Pediatric nourishment company, Mead Johnson (MJN), produces and sells a variety of infant formula, child nutrition items, and other products, which made up 64% , 33%, and 3%, respectively, of 2009 sales. The product portfolio encompasses more than 70 items, ranging from formulations for healthy newborns to those made for lactose intolerance, allergies, low birth weight, premature babies and other conditions.
The company recently set about on its own two legs, thanks to a spin-off from parent, Bristol-Meyers Squibb Company (BMY). The divestiture of the nutritional unit was a bit unusual in that Bristol Meyers offered current BMY shareholders the opportunity to exchange one BMY share for 0.6313 MJN share, forcing BMY owners to choose. Investors could not have both stocks unless they traded a portion of their BMY holdings in return for MJN shares. However, investors appeared to cheer the move, since MJN stock has climbed more than 100% since the spin-off.
Market enthusiasm is likely thanks to solid growth prospects, but, the recent run-up has muted some of the long-term price potential. In terms of a geographic exposure, this nutrition company is widening its reach especially China and India, where demographic trends are favorable. Latin America is prime for investment too, where plans for increased marketing ought to boost brand recognition, and distribution network improvements should bolster product accessibility. All in all, Mead Johnson operates in more than 50 countries.
Global expansion is not without risk, both on the regulatory side as well as on the manufacturing and sourcing end. Navigating multiple foreign authorities is a time-consuming and costly course of business, but is necessary for international augmentation. Too, quality issues can arise within nutritional products owing to raw materials and handling processes. At the end of 2008, Chinese authorities found significant levels of melamine in dairy that was used in infant formula, which resulted in the death of several infants. Mead Johnson was not found to have any quality problems, but market sentiment deterioration can hamper both sales and stock appreciation in such circumstances.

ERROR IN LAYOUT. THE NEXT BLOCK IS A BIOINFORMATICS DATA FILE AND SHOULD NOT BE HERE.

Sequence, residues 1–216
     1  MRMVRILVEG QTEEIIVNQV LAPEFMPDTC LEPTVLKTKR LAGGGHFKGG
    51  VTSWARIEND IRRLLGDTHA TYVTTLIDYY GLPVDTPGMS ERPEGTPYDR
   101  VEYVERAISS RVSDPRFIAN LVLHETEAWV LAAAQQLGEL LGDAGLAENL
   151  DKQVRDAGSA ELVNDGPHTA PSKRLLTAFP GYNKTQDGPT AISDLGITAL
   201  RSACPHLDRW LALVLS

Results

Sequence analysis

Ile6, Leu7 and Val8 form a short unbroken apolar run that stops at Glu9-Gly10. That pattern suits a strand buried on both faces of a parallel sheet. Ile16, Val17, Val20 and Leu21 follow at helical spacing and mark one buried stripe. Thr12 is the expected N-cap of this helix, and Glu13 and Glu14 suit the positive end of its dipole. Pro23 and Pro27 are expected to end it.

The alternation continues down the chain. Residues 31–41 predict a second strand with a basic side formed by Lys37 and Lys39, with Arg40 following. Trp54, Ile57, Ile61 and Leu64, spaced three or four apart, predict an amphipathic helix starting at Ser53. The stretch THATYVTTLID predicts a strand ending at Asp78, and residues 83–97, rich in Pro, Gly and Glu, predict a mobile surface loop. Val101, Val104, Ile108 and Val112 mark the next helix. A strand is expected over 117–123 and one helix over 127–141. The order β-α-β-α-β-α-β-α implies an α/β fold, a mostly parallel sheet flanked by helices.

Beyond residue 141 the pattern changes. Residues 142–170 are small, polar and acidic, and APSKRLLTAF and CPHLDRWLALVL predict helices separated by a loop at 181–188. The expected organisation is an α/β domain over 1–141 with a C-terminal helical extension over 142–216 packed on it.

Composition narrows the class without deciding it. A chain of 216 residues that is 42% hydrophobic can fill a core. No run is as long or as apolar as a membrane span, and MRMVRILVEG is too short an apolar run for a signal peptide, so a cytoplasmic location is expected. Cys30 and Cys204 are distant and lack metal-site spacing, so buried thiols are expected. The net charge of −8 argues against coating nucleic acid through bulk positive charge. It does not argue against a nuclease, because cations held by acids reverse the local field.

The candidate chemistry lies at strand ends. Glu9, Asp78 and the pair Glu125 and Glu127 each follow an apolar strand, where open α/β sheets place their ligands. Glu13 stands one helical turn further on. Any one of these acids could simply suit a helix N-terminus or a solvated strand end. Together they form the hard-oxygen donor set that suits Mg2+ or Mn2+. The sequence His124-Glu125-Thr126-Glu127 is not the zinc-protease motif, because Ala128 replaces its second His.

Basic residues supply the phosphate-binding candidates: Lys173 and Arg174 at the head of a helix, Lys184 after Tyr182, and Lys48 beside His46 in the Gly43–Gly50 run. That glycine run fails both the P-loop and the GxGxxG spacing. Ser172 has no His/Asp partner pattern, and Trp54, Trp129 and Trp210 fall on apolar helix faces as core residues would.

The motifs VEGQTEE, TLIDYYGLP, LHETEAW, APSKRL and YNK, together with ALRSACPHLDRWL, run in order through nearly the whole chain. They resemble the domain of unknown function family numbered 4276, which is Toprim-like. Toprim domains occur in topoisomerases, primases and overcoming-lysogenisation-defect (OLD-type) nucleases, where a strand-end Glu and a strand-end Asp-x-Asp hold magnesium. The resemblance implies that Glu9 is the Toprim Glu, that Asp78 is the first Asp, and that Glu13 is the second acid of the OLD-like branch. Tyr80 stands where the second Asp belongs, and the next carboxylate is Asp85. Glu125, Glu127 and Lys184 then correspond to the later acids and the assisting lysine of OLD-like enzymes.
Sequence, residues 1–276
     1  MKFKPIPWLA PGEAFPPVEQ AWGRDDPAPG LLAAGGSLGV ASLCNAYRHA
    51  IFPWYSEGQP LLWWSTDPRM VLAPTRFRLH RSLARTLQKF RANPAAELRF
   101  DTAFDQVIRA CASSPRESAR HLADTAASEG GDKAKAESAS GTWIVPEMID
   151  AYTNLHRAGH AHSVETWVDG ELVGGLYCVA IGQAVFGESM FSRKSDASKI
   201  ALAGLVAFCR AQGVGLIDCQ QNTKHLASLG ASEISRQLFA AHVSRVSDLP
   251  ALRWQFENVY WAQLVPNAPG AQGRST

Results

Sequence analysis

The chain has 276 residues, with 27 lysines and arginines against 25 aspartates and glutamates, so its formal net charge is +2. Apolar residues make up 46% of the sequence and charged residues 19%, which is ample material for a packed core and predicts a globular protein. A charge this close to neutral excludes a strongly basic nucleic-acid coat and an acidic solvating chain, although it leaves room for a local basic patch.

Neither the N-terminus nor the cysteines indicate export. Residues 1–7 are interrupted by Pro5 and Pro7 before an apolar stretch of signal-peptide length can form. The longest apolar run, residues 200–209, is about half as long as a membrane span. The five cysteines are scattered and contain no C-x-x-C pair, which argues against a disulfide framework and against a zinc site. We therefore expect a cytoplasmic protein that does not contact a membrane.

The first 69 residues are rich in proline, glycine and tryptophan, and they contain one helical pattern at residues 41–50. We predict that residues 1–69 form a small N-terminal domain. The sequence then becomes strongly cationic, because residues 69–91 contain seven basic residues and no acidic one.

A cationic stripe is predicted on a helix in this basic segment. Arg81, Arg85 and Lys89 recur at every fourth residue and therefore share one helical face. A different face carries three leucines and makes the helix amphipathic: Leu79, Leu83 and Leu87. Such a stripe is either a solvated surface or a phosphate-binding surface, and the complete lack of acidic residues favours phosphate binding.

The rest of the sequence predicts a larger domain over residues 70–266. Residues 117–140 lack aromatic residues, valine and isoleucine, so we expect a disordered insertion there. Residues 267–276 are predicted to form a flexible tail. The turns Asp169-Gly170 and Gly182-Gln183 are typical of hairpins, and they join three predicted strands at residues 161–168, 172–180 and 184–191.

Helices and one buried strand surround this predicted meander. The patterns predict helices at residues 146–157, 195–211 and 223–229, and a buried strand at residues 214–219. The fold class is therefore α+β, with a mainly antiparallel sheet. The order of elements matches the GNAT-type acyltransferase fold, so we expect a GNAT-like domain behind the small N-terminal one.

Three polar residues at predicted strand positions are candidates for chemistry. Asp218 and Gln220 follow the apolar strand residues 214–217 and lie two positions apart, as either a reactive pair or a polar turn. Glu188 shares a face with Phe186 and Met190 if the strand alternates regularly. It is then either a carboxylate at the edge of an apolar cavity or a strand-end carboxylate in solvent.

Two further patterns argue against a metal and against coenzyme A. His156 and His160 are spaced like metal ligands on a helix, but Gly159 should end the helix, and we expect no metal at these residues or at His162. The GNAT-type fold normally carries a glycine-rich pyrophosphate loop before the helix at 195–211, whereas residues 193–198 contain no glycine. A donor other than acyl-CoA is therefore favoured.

On the home front, which is the company’s largest market, birth rates have been relatively stable, excluding a recent decline that was likely due to the recession. Nonetheless, growth may come in other forms, such as product innovation. A new R&D facility at company headquarters, along with facilities in Mexico and Thailand, will support new formula introductions or other nutrition item launches with both a global and a local focus. The pipeline is well-stocked with over thirty new products brought to market in 2009 and additional roll-outs in store for the year ahead. Formula add-ins, such as prebiotics and probiotics, which add in digestion, and older child nutrition will likely be spotlighted in order to better meet the needs of specific customer concerns and lengthen the customer relationship at the same time.
However, competition remains active with many larger peers crowding the field. In the U.S., Mead Johnson has a strong foothold, garnering a larger market share than Abbott Labs’ (ABT) Similac product lineup or Nestle’s Good Start formula. Abroad the story is slightly different, as regional players also vie for customers and giants Pfizer (PFE) and France’s Danone come into the mix. Marketing plays an important role in the generation of sales and Mead Johnson expends a significant amount on its advertising agenda. But despite the potential to be easily outspent by its bigger competitors, MJN still holds a leading position in the industry.
An extensive and deep pipeline should be a boon to future earnings potential and coupled with solid R&D spending, the breadth and depth of nutritional items ought to continue to augment the product portfolio. Rising incomes in countries with booming populations also augur well for the sales stream. Mead Johnson is one baby that still has some growing to do.